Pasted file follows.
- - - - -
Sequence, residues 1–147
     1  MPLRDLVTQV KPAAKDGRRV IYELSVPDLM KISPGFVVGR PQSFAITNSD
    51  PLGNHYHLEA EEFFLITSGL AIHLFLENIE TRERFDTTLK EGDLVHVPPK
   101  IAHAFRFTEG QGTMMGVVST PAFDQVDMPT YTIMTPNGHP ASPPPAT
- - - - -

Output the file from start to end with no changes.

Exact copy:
Sequence, residues 1–147
     1  MPLRDLVTQV KPAAKDGRRV IYELSVPDLM KISPGFVVGR PQSFAITNSD
    51  PLGNHYHLEA EEFFLITSGL AIHLFLENIE TRERFDTTLK EGDLVHVPPK
   101  IAHAFRFTEG QGTMMGVVST PAFDQVDMPT YTIMTPNGHP ASPPPAT